Kukuni – Dreaming Venus
The arching philosophy behind the first wave of psychedelic-rock was that the more strange sounds you threw at people, the weirder or more visionary you appeared. The arching philosophy behind prog-rock or fusion was that the more notes you threw at people, played in as rapid succession as possible, the better musician everybody was going to reckon you were.
Somewhere along the lines, modern technology allowed musicians to add more and more tracks of musical elements. Some have worked on tucking a gigantic amount of sonic arsenal into their work. Some have opted for a reversal, seemingly erasing and reversing tracks, giving music an expressionistic, cramp, otherworldly feel.
One of the artists that have embraced this strategy is Kukuni. Dreaming Venus feels like a space-age love song, but one that unlike its psych-rock predecessors is devoid of romance. It’s a song built on a steady rhythmic foundation, jazzy instrumentals, and a flanger effect that makes it sound like an airplane getting ready for take-off.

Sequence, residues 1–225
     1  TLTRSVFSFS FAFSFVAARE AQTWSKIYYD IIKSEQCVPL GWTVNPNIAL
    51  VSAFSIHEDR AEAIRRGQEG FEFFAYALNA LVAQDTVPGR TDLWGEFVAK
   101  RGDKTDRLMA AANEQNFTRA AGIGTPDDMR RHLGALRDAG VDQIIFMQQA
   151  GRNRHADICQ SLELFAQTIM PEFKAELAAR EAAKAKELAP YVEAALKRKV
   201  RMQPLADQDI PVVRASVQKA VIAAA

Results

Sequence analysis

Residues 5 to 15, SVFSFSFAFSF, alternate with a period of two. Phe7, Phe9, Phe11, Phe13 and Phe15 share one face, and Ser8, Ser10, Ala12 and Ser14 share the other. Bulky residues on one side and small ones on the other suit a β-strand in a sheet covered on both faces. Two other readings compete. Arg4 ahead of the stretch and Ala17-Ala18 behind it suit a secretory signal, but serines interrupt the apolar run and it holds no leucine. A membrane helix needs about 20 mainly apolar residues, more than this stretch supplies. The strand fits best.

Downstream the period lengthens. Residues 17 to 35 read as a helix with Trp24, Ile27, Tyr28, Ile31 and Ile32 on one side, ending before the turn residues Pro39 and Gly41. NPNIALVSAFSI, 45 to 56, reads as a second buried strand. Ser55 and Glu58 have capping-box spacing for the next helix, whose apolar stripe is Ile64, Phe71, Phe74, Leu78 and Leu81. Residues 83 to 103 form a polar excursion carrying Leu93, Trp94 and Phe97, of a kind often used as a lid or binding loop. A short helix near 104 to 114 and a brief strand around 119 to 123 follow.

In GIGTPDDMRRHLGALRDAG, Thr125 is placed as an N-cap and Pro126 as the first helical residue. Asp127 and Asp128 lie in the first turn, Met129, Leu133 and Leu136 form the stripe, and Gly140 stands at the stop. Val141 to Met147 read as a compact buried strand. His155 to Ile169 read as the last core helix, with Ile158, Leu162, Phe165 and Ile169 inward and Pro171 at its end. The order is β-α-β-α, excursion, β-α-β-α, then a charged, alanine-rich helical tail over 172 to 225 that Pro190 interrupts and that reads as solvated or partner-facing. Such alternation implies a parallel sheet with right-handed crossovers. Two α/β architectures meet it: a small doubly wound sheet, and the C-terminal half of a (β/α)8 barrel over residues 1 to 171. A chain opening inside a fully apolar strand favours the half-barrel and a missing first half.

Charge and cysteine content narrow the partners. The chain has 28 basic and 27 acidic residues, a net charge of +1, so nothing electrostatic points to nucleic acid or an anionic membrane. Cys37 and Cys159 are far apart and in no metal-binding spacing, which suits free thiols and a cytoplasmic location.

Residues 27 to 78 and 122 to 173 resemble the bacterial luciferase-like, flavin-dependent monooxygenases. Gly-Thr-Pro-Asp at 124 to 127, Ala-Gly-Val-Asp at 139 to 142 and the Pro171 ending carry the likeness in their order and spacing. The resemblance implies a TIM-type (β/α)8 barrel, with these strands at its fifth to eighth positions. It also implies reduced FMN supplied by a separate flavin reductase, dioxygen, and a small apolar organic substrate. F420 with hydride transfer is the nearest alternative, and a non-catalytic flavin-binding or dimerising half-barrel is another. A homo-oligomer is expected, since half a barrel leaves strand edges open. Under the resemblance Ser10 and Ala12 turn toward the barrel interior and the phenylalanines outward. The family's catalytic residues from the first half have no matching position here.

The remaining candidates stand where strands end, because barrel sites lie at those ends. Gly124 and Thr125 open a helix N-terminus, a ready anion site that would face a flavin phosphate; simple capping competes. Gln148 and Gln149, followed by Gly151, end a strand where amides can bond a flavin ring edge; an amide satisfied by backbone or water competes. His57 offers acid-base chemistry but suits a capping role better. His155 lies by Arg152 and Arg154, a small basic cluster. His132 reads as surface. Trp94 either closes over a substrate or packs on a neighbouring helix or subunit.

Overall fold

Sean Keel – Corn Palace
Becoming a pop star is a career choice. Nobody, despite the stories you may hear from time to time, doesn’t just fall into this profession. There’s a lot of tailoring and readjusting being done before a person can be seen, or heard by millions of paying customers. It’s the bordello of the entertainment world.
However, becoming a songwriter specializing in storytelling is unlikely to be a choice. If we’ve learned anything from the story of the great Townes van Zandt, it’s likely a curse just as much as a gift, a siren’s voice leading potential lawyers or diplomats away from the straight and narrow.
Sean Keel is a writer cut from the same cloth as Guy Clarke or van Zandt, which already makes his music a very rare commodity. His writing is designed to break your heart while leading you through intricate doorways back into time and into the things that hurt Keel so much that he just had to write and sing about them.